By Harry Colbert, Jr. Washington, D.C. – In the midst of national primaries and caucuses in a run-up to the November election to select the nation’s next president, renewed calls are being made to have Congress restore key protections that were stripped from the Voting Rights Act. According to many civil rights activists and several…
By Harry Colbert, Jr. While the gymnasium at Patrick Henry High School was packed with hundreds – most who came to hear from Democratic presidential candidate Sen. Bernie Sanders – it became clear that not everyone was “feeling the Bern.” Sanders was in town on Feb. 12 for a scheduled Democratic event later that evening…
By Harry Colbert, Jr. It’s been five years in the making, but judging from the reaction of the capacity crowd at the Icehouse in Minneapolis, KING’s “We are KING” was worth the wait. Although the album was just a week old when the group hit the Icehouse stage, fans were already singing along to several…
[caption id="attachment_26039" align="alignleft"]phenomgymnastics.com[/caption]M-I-Z …
The customary response to those letters shouted out is Z-O-U. Together it’s Mizzou – the name that signifies you’re affiliated as a student, alum, faculty, staff and/or fan of the University of Missouri Tigers. For years, except for hardened sports fans, not too many outside of the Show Me State knew what the hell a Mizzou was. But they know now … and it’s for all the right and all the wrong reasons.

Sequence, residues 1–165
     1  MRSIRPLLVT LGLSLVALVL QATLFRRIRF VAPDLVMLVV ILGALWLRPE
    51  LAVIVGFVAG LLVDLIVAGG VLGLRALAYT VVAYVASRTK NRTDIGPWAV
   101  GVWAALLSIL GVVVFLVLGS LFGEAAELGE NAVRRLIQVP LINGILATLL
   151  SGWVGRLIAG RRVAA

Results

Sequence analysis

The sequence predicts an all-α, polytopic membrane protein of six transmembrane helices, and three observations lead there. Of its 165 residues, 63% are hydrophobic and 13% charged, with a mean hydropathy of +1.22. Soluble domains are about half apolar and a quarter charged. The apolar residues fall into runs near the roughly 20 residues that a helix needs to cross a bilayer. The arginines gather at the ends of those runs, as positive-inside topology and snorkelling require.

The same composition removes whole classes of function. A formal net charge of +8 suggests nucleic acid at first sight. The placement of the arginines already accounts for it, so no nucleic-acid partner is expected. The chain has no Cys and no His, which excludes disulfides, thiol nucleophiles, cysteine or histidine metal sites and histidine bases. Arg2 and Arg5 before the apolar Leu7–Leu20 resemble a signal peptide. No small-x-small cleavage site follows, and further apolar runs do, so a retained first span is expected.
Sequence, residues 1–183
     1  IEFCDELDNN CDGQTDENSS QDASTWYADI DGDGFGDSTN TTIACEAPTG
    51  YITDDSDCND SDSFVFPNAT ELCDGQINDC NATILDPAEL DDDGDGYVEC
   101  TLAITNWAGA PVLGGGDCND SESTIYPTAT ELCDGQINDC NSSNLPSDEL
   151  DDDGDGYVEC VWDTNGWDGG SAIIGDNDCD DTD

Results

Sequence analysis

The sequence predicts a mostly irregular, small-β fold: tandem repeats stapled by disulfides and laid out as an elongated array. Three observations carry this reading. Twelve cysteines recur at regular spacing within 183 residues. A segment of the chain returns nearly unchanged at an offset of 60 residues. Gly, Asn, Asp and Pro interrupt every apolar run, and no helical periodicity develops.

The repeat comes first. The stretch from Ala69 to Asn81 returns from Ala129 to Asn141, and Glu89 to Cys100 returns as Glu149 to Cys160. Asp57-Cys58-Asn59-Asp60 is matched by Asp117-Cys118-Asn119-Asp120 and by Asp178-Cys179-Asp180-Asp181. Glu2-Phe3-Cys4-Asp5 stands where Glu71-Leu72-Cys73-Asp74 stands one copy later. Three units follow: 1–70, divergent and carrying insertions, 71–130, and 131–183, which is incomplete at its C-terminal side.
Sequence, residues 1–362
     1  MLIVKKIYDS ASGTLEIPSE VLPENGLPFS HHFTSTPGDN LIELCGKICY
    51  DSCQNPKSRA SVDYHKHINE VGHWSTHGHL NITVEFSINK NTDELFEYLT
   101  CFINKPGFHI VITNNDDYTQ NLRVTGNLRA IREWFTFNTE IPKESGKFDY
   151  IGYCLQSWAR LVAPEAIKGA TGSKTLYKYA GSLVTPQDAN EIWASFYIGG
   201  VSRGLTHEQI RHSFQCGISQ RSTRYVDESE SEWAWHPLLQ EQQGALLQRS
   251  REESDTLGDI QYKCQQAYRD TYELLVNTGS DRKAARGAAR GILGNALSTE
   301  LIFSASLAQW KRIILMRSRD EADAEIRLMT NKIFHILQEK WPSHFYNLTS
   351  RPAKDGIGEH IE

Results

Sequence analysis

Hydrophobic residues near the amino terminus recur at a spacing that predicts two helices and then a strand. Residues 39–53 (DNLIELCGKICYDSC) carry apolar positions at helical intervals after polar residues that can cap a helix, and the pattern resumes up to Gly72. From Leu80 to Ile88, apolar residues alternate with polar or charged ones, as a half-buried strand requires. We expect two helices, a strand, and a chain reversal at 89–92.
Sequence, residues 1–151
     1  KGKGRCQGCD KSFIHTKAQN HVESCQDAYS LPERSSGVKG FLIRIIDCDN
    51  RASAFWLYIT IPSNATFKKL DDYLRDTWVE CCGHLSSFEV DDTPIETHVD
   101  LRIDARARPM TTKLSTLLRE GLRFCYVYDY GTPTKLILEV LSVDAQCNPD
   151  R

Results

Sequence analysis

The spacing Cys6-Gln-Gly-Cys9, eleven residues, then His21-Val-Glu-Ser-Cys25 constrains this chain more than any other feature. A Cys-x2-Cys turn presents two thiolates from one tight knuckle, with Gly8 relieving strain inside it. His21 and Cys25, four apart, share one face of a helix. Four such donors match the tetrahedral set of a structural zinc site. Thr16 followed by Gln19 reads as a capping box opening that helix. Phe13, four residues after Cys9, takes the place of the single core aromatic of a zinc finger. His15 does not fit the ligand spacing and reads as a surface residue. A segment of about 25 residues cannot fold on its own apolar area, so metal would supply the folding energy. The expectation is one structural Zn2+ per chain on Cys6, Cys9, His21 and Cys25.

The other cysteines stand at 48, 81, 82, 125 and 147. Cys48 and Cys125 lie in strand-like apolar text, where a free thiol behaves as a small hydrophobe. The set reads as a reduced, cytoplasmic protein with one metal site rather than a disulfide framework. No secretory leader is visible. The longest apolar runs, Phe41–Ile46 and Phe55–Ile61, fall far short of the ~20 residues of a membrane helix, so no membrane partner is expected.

Good Ol’ Mizzou.
First, I’m a Tiger.
[caption id="attachment_25991" align="alignleft"]Housing and Urban Development Sec. Julian Castro addresses a town hall on affordable housing as Rep. Keith Ellison and (far left) Mary Tingerthal, commissioner of Minnesota Housing Finance Agency, look on. Photo credit: Harry Colbert, Jr.[/caption]A 1935 Minneapolis Planning Area Designations map outlined clear housing boundaries to separate the community by race and income, but some are alleging the same is being done today throughout the Twin Cities.
[caption id="attachment_25963" align="alignleft"]northmetro100.org[/caption]“Young brothers, we’re here for you.”
That is the message many hope will be conveyed on Friday, Nov. 6, at Patrick Henry High School in north Minneapolis as an estimated 100 Black male volunteers converge on the school to directly engage with Black male students. The event mirrors a similar session that took place last year at Henry, but last year’s event was a district program presented through the Minneapolis Public School’s (MPS) office of Equity and Diversity. This time around the event is presented through the 100 Strong organization, as the office and Equity and Diversity was eliminated this past summer. James Burroughs, who was the head of MPS’ Equity and Diversity, transitioned out of the district but felt it was important to let Black male students know that the community is still in their corner.
[caption id="attachment_25934" align="alignleft"]Interim superintendent of Minneapolis Public Schools (MPS), Michael Goar (at the podium) addresses the media, parents and students at Partick Henry High School during a press conference following an incident where a student brought an unloaded handgun to school. Behind Goar are (left to right) Steve Belton, interim CEO of the Minneapolis Urban League, MPS board member, Don Samuels and Henry principal, Yusuf Abdullah. [/caption]Minneapolis Public Schools (MPS) are safe places for students to learn.